With more than 120 Hercules aircraft operational in Africa as well as numerous F-16s in certain North African countries, Lockheed Martin’s new international division will devote both time and energy to the continent.
Lockheed Martin International will, according to the company’s chief executive officer and president Marillyn Hewson, be an essential component in terms of engagement with and listening to customers to meet their national security and economic development needs.
Dennys Plessas, vice president business development initiatives for Lockheed Martin, said the emergence of the new arm within Lockheed Martin was good for existing African customers.
“There are more than 120 Hercules aircraft operating in Africa, both C-130 and L-100 variants. In addition in North Africa Lockheed Martin has F-16s in countries such as Egypt and Morocco while Tunisia has taken delivery of its first C-130J.
“There are many C-130J initiatives aiming at modernising and recapitalising both in maritime patrol, border patrol (ISR), and pure logistics tactical/strategic airlift configurations underway,” the man who is based in Athens but spends most of his time in Africa said.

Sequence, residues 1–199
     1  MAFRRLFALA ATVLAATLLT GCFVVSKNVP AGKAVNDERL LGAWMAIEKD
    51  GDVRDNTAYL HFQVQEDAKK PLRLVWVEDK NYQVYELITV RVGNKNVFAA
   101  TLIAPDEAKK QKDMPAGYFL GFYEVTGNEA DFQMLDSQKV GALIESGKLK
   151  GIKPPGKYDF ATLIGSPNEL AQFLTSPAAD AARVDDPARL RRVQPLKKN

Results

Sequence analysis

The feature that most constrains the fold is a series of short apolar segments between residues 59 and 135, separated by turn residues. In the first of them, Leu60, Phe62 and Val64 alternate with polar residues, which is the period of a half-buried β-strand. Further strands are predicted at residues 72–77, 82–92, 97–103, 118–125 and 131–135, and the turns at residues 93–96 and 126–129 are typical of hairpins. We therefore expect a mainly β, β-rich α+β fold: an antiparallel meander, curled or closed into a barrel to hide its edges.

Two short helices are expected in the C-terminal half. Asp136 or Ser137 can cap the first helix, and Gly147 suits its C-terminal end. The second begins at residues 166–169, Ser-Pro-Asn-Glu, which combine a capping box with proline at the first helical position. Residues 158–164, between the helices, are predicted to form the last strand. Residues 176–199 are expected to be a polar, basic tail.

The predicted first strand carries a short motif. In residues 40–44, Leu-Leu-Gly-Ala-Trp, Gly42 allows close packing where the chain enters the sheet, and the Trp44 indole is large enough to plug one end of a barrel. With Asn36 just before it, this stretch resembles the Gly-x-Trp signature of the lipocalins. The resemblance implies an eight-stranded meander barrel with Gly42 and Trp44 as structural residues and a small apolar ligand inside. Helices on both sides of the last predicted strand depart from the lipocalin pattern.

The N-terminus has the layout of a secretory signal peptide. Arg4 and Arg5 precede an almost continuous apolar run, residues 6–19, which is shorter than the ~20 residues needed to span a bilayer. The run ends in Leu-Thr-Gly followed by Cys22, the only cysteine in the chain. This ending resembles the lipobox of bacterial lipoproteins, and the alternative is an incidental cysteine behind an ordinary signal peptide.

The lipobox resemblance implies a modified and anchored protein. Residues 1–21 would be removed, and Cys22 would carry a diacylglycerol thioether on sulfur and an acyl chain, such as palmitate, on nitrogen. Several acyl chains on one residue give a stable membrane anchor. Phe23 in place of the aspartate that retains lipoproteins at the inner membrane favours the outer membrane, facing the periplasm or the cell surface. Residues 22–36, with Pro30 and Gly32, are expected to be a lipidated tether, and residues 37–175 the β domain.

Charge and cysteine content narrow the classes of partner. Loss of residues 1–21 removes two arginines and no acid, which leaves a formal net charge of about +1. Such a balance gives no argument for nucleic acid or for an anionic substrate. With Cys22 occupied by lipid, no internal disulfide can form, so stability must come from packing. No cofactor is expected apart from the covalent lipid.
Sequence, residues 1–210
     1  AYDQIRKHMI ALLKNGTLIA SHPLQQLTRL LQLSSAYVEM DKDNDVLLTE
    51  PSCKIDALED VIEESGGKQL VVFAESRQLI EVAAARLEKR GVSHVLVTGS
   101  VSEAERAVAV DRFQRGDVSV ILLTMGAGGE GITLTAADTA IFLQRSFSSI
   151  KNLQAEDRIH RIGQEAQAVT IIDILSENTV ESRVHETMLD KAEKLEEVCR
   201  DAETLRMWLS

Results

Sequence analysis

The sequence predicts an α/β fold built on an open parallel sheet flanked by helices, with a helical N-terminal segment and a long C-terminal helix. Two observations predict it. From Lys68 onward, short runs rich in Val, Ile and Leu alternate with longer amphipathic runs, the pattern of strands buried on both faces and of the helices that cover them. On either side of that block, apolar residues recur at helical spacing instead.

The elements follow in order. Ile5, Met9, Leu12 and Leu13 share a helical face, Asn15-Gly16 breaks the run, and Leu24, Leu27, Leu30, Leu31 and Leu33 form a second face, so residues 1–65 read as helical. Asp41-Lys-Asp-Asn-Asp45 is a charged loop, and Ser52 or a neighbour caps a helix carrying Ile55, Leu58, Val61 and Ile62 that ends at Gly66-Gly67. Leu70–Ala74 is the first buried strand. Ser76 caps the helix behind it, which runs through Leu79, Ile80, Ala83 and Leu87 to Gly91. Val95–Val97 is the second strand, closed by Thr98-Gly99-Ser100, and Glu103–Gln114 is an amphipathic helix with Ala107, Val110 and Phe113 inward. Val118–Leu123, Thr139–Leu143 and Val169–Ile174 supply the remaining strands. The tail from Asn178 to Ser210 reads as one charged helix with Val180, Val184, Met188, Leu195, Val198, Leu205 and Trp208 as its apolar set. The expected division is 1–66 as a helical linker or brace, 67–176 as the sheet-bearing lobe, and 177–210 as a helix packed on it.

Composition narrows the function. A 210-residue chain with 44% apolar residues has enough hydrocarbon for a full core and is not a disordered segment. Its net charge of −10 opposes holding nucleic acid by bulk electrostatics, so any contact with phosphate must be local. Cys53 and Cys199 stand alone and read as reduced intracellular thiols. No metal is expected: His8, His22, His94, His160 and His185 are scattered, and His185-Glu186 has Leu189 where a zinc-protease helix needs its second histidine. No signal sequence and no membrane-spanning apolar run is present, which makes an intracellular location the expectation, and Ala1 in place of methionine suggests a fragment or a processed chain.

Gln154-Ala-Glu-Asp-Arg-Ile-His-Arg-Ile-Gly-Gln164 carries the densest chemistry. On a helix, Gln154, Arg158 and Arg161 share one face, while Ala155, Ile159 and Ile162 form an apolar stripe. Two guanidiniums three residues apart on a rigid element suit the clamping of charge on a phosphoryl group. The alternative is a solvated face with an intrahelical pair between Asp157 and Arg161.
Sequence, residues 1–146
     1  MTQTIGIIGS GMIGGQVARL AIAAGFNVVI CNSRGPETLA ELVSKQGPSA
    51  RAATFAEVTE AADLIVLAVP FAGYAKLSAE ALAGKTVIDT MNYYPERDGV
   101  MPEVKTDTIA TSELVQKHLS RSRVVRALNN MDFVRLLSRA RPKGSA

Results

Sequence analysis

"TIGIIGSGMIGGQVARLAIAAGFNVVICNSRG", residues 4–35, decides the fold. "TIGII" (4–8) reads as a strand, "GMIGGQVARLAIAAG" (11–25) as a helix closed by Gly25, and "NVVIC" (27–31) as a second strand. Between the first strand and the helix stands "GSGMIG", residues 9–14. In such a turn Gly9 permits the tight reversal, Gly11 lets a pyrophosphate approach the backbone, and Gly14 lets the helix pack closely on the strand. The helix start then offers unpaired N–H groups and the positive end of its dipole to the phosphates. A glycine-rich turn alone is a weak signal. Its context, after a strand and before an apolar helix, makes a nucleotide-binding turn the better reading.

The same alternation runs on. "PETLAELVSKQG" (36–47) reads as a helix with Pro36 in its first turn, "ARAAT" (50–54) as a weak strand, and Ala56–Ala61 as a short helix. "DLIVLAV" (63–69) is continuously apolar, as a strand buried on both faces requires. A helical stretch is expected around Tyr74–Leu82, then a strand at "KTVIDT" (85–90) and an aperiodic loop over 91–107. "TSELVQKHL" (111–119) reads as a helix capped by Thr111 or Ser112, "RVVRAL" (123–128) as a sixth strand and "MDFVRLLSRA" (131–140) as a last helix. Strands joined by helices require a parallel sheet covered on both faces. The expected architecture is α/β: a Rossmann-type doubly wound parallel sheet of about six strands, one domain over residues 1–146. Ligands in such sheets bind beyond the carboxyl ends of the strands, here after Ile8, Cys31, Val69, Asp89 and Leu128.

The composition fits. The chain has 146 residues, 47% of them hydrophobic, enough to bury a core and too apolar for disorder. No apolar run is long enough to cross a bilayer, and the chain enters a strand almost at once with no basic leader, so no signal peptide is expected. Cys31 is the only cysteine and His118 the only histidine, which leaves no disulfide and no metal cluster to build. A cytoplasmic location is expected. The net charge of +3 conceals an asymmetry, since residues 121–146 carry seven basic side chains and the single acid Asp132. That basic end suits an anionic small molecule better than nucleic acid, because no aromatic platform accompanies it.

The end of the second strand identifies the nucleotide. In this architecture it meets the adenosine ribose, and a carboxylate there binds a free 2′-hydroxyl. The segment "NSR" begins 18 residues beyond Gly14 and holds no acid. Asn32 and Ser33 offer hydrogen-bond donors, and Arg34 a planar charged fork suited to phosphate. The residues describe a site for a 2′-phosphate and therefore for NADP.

One of those is for the replacement of the SA Air Force’s (SAAF) C-130BZs. These aircraft marked 50 years in service in South Africa at the beginning of this month.
A team from Lockheed Martin has been in dialogue with the SAAF for more than two years about replacement of 28 Squadron’s venerable C-130BZs.
“We have had discussions and presented any number of analyses based on SAAF taskings because we know, just as the air force does, that the BZs cannot carry on forever. While the aircraft have provided exceptional service to South Africa along with those responsible for flying and maintaining them no aircraft can carry on indefinitely,” he said.
The Lockheed Martin team, which has been talking to the SAAF about its airlift needs, is recommending a minimum of six and a maximum of eight C-130Js to properly handle the multiple tasks demanded of airlifters in the current tight financial situation.
“Financial constraints are very much part and parcel of every business, including acquiring new military hardware,” said Steve Piggott, director business development for Lockheed’s international air mobility programmes.
“This is why we see the C-130J as being the aircraft to operate rather than acquiring an air force.”